404 pages are among the most common errors a web user encounters. And yet, there's no question that broken links significantly impact your website's conversion rates and brand image, as well as user experience.
Did you know only 23% of visitors that encounter a 404 error page attempt to find the missing page? It's not the end of the world, though. There are numerous ways for site owners to direct them back to what they're looking for while providing a great user experience and increasing sales.
Let's discuss some best practices for 404 errors in eCommerce.
There’s nothing worse than seeing a 404 error page. A user types in a URL into your website’s search bar, or clicks a link in one of your blog posts, expecting to land on a specific page or article, but instead receives a 404 error.
In simple terms, a 404-page error, AKA a “Page Not Found,” is an HTTP status code that means the page a user wants to access on a website cannot be found on the server. A 404-page error pops up when a user inserts the wrong URL in their browser or if they try to access a page that’s been removed.
To quote Google: “404 errors are a perfectly normal part of the web; the Internet is always changing, new content is born, old content dies, and when it dies, it (ideally) returns a 404 HTTP response code.”
The presence of 404 error pages does not directly harm your SEO. However, if they affect important pages on your website, you should guide users to the correct page with a permanent 301 redirect. This helps mitigate other issues like user experience and website performance that might negatively impact your ranking in search engine results.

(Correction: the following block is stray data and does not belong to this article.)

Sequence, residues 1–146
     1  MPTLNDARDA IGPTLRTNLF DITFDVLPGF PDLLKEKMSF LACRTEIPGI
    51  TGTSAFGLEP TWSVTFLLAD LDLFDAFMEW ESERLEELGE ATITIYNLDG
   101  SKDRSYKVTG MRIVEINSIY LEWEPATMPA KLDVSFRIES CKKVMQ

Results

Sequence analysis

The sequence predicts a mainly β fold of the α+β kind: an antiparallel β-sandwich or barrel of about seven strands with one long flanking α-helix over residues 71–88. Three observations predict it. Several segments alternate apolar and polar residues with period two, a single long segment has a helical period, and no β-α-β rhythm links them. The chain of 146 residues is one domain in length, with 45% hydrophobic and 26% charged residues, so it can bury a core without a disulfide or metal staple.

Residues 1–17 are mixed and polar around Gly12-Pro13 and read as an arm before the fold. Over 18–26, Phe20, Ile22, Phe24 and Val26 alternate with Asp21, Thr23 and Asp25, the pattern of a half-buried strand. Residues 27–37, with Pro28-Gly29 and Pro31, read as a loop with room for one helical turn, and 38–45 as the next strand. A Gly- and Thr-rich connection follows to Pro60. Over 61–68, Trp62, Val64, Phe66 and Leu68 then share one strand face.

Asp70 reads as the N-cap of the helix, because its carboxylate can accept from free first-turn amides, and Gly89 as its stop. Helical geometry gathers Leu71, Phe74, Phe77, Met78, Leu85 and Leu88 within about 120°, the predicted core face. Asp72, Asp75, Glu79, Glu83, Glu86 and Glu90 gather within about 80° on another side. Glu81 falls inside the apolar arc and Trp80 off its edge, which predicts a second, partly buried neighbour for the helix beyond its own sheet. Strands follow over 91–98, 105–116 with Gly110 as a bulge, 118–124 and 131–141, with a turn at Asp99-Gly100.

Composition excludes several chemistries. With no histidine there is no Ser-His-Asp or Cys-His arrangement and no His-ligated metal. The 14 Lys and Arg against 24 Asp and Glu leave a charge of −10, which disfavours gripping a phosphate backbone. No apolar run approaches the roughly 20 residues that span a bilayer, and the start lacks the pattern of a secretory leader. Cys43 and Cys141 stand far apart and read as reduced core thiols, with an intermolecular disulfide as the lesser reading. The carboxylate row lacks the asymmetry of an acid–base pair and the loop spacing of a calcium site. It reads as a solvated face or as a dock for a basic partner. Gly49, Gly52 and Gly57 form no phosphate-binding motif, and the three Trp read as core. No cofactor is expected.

As your website grows, and you make adjustments over time, various URL extensions may change, and some internal links may be inaccurate. That’s why you should check links regularly using the Chrome browser extension Check My Links, or the external SEO spider called Screaming Frog to keep you high in search results.
There are times when 404 error pages are necessary, especially if a customer uses an incorrect URL. Don’t forget your customers are human and can make mistakes. Other than that, you can optimize dead links to encourage visitors to stay on your website, subscribe to your email list, and even become customers.
Remember, if a user can’t access the product they want, they can’t purchase it. And if you’re not proactively nudging them down the sales funnel, you’re creating a poor user experience and losing revenue. Ultimately, 404 error pages should be used as an opportunity to gain more leads and increase sales, not increasing bounce rates.
When people end up on 404 pages, it’s important to create an experience that keeps them on your site. Below are some great examples from well and lesser-known brands: